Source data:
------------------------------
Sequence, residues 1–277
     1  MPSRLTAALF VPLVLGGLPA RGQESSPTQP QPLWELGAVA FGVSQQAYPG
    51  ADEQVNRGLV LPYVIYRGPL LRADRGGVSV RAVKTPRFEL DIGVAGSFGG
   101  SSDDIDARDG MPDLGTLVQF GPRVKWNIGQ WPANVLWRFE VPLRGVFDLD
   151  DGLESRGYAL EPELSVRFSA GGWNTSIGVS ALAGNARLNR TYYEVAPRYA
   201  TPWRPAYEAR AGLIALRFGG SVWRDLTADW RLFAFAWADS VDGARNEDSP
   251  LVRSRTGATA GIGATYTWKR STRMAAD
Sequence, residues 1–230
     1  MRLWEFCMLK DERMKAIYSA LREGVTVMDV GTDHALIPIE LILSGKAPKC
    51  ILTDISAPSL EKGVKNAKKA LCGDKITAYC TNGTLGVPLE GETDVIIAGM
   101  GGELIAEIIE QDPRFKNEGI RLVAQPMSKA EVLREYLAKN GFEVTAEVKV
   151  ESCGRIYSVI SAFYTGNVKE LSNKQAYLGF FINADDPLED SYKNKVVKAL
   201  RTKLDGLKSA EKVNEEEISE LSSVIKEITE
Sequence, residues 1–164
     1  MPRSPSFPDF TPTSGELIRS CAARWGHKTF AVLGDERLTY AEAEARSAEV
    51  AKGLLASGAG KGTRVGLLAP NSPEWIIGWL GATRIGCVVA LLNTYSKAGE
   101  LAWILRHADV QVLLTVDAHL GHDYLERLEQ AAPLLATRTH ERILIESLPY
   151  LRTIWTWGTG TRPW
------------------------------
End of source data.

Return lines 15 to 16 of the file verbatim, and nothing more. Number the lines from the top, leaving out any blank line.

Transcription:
     1  MPRSPSFPDF TPTSGELIRS CAARWGHKTF AVLGDERLTY AEAEARSAEV
    51  AKGLLASGAG KGTRVGLLAP NSPEWIIGWL GATRIGCVVA LLNTYSKAGE